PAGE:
Review

Alien Breed 3: Descent Review (PC)

It's time to wrap the Alien Breed series up, and boy have things gotten rather twisted. Conrad is back fighting familiar nasties in a familiar setting, as Alien Breed 3: Descent attempts to go out all guns blazing. While we enjoyed the past titles, gameplay was relatively shallow in places, hence we were hoping Descent would treat us to some epic set-pieces along with more of the same.

While there's no denying that new boss fights and set-pieces keep the spark alight, all of the issues we had with the rest of the series are still very much present, and by now are starting to grate, emphasized by hours of trudging through dull, metallic corridors and fighting off the same old enemies. Fans of the series will no doubt want to see the story through, but anyone else will be able to shrug the series off with a 'meh'.

It's Alien Breed 2.5!

The story begins where Assault left off, but it's taken quite the mental twist, with a sinister voice mocking your every move and your female ally's secret exposed. The first fifteen minutes of Descent are familiar yet awesome territory, as the story really gives this installment an edge. Unfortunately, it isn't long before the game falls back into its original steady momentum, with claustrophobic, dark corridors to navigate and quick-footed aliens to blast.

As with the titles that came before it, there's nothing particularly wrong with how Alien Breed 2 plays - shooting and moving is tight, and feels wonderfully powerful and hectic at times. The issue comes with the shallow missions you've given: Go here, press this button, now move here, shoot this thing, now go and press another button... there just isn't enough variety in gameplay, and after you've played through the first two releases, the third really starts to feel dull as ditchwater.

Descent really doesn't feel like a proper sequel either, as the majority of the game appears to be completely reused from the old releases. If you showed us screenshots from Descent next to screenshots from Assault, we honestly wouldn't be able to tell the difference - everything is the same, from the environment visuals to the enemies to the interface. This could quite easily have been a DLC expansion.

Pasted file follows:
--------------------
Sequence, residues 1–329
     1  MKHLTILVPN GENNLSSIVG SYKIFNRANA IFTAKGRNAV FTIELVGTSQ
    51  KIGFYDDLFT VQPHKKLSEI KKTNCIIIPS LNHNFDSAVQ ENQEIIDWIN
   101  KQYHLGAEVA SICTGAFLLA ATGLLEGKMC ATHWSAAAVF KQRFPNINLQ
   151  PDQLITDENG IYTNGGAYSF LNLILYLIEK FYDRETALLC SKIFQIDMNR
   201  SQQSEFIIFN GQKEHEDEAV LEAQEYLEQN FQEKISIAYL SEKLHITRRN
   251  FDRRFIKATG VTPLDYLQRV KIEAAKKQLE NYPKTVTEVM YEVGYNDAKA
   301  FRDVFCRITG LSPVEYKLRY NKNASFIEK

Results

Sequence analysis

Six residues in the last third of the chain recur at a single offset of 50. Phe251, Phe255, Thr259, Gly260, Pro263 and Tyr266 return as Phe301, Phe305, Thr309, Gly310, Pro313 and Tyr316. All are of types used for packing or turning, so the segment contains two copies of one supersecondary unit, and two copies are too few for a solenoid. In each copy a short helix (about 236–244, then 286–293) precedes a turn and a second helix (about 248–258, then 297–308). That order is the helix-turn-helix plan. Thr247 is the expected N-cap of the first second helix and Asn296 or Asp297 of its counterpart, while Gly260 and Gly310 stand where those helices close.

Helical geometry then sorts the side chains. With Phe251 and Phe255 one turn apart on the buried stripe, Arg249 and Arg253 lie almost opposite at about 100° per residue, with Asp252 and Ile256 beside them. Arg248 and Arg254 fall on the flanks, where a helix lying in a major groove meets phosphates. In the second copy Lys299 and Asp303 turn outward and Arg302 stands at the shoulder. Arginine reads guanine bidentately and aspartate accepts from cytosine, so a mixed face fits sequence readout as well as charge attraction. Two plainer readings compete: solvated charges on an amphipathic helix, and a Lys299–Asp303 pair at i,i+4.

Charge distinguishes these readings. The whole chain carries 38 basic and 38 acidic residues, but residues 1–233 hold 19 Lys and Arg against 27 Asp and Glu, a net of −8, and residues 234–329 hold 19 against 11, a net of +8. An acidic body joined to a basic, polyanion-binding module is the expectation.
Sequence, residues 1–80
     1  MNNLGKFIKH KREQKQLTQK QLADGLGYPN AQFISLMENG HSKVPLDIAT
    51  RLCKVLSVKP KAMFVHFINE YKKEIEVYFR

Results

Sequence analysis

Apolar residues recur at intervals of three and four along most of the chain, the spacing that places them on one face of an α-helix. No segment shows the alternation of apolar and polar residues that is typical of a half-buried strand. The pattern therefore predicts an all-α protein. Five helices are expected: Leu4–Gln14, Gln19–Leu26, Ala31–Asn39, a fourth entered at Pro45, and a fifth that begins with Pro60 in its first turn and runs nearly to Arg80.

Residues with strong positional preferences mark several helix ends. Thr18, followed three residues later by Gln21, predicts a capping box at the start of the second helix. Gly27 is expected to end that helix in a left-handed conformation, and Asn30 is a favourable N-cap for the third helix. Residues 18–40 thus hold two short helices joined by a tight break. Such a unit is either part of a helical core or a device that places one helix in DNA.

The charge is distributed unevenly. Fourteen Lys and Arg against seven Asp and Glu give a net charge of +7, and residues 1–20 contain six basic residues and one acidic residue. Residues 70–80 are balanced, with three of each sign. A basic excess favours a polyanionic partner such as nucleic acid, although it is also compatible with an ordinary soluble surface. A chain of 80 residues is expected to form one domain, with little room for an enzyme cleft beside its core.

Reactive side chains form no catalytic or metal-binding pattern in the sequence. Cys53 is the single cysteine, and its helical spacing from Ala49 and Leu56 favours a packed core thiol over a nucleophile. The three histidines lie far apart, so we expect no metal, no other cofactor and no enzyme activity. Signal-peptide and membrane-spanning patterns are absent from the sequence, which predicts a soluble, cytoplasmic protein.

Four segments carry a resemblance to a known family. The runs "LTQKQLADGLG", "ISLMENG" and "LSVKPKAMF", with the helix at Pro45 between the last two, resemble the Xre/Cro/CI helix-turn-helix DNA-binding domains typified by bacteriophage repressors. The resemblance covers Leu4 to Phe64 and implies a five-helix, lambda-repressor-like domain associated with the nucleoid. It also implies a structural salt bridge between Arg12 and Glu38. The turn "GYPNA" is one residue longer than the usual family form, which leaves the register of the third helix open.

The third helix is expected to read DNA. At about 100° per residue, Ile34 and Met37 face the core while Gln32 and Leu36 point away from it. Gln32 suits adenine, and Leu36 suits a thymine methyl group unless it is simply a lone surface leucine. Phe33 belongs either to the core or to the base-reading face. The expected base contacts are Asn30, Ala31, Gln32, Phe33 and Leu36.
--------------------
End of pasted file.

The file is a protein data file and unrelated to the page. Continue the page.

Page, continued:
The fact that everything looks and feels the very same works to emphasis the series' issues. The sinister, metal surroundings that were once atmospheric now feel generic and boring, while there's just no excitement in enemy rushes anymore.

Boss battles are fun, but far too overpowered

That's not to say there are no new features at all. Descent attempts to mix the action up a little with special set-pieces, such as flooded levels and trips outside of the ship. There are also new 'behind the character' sections, that give the game a proper shooter feel. These parts do indeed work well to get the excitement going, but whenever these parts end and you're dumped back into the mediocre sections, it makes the gameplay feel even worse.

Of course, you've also got new weapons and some new enemies to dissect, but really these types of features should be a given for any sequel, not one of the main features of a game! Annoyingly, the difficulty levels are not balanced well at all - you'll push through the story with relatively little trouble until you reach a boss battle, at which point suddenly the action in insanely difficult, and you'll need plenty of health kits.

As with number 2, the online co-op is a saving grace. Blasting aliens with a friend is great fun, and you'll most likely opt to beat the multiplayer levels before even finishing the single player campaign. Sharing weapons and credits equally requires great balance, and it's always good fun, if a little samey.

Not that Descent has any new modes to shout about - everything available is the very same as the original games, including the single player Story, Free Play and Survivor options, and the co-op play. Even the menus are the very same - apart from the background logo, you could very well be playing the second installment. It all just feels rather lazy, as if the whole series is based around a template design.

This ain't Seaworld, kids

We really enjoyed Alien Breed 2 thanks to its tension-ridden atmosphere and action-packed swarm sections, but rather than build on this excellence and iron out the problems, Descent works to emphasise them. The question should be raised: Apart from the conclusion of the story, why should we want to play Alien Breed 3? Number 2 already did everything you see here at an OK level, and we don't particular understand why Team 17 believe gamers will want to play through what is essentially the very same game all over again.

Same old same old, then - Alien Breed 3: Descent is not the sequel we were hoping for, dragging the series out rather than building on it. Still, for Alien Breed fanatics, the story will at least provide closure and more of the same. If you haven't played the rest of the series, don't bother starting here.

Alien Breed 3: Descent is available now on PC and Xbox 360.

Top Game Moment: Holding back the horde in a co-op game.

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